How to impress a client (hint: it's not about you)
When you submit a resume for a job, you may be under the impression that what matters are your skills and experience. The more impressive the resume, the more likely it is you’ll get a job offer.
But that’s not what gets you hired. You are hired to solve a hiring manager’s problems. In theory your cumulative experience will help you do that, but really the resume just gets you to the interview.
When you strike out on your own as a 1099 freelancer, it is even more critical to avoid the “resume reliance” approach if you want to successfully land high quality clients.
Here’s how you can do that.
Embrace the fact you’re not important to the client
When you first meet a potential client (a small business owner, program manager, or government client), you may be tempted to talk about how great you are and what you can offer them.
The hard truth is, potential clients don’t care about you or your background, and if you spend a lot of time talking about yourself, you will come off like a used car salesman from the 1960s.
In the first conversation, spend a minute giving a high level intro about yourself with a tidy narrative. “I help small government contractors establish repeatable processes to bid on proposals so they’re not always panicking” is a tidy narrative.
But then you should focus on the most important thing: the client!
Ask questions that reveal the clients’ true problems
Potential clients almost never reveal what their true problems are, so you have to do a little digging.
For example, one freelance marketplace client is “seeking quotes from a qualified Actuarial Firm for the purpose of providing an actuarial analysis and valuation of a proposed Defined Benefit Pension Plan.”
You may think that this customer just wants to offer a retirement plan, but what they’re likely concerned about is the ability to attract employees who might be turned off by the lack of a retirement plan or a subpar one. The client is asking for an analysis because they want to know if they can afford it.
So if you made the mistake of just talking about how great of an actuary you are and all your cool spreadsheet skills, you won’t get the job.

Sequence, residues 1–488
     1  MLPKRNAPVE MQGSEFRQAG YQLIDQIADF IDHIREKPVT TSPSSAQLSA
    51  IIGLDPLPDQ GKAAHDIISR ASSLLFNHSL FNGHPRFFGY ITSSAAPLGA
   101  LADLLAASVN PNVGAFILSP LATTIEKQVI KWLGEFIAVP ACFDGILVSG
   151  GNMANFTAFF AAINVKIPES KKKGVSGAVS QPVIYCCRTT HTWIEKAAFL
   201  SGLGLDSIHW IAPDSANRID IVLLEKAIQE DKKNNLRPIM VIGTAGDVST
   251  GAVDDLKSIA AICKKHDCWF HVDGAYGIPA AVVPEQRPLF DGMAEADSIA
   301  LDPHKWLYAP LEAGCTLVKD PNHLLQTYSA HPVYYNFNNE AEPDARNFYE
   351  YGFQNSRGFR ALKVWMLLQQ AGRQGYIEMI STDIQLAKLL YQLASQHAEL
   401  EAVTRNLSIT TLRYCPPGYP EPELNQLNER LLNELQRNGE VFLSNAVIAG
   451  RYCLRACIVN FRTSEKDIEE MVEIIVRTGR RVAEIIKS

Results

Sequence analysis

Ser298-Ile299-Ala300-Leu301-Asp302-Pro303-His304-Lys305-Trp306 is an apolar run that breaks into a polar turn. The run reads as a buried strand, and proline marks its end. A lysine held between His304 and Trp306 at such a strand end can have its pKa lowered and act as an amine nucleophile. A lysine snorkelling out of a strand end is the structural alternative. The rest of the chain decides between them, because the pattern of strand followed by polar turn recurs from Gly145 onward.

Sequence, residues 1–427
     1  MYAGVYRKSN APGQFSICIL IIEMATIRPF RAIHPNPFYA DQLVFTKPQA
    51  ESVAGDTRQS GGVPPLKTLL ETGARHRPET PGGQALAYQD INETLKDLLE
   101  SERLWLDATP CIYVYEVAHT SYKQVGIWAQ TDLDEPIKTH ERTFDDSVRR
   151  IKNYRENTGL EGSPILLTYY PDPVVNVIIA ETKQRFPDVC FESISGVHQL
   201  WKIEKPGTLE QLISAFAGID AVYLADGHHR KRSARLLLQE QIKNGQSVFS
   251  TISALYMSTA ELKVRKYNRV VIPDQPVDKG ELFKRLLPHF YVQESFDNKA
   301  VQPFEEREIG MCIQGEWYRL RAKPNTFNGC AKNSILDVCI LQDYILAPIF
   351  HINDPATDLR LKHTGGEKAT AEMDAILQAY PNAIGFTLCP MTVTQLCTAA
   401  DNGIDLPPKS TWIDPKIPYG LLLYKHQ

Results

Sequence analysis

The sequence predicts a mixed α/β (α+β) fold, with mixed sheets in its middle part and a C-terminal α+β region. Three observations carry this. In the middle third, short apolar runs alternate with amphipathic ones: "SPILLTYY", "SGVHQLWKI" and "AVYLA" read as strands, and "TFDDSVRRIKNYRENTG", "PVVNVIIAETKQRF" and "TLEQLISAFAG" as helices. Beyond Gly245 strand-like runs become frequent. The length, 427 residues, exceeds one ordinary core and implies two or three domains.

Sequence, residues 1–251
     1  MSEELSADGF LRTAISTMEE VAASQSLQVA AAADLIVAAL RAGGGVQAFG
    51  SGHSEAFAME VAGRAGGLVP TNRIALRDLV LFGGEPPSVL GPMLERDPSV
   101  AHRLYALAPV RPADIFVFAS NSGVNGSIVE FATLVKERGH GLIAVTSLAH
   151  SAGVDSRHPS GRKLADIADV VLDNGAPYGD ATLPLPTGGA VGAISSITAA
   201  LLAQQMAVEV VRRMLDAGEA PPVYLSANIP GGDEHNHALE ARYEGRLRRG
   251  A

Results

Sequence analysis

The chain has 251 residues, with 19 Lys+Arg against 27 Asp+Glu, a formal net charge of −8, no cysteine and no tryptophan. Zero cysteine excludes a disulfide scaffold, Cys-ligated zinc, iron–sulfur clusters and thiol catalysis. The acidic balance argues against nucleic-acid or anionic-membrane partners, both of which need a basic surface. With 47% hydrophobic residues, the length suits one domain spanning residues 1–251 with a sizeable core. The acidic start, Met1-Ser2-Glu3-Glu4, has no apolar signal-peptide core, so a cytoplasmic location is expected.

But, what if you asked questions like this:
- Why do you need an actuarial analysis now?
- What would happen if you didn’t get this analysis?
- Once you receive the analysis, what decisions will you make with this information?
By asking probing questions, you will get to the heart of the client needs.
The best part is, the client will LOVE that you’re asking these questions because they will feel you understand what they’re looking for.
Show how you can solve the client’s true problems
The final step is to show how you can meet the client’s true needs.
This is as simple as telling them (whether in writing or in person) that “I will help you solve X by doing A, B, and C.”
To continue using the actuarial analysis example, you could write up a brief e-mail saying something like:
“My firm will help you generate a benefits package that attracts and retain employees while maintaining profitability for your firm by conducting a detailed analysis of your business finances and presenting several options and recommendations for benefits plans.”
Notice how there is nothing about actuarial modeling techniques in that sentence? All it does is clearly state the client’s real problems and a brief summary of how you will solve them. Nothing more, nothing less.
Pitching to potential clients is less about selling and more about understanding their true needs. Spend 90% of your time getting information about their true needs, and the other 10% on how you can help meet those needs. This is the path to 1099 freelance success.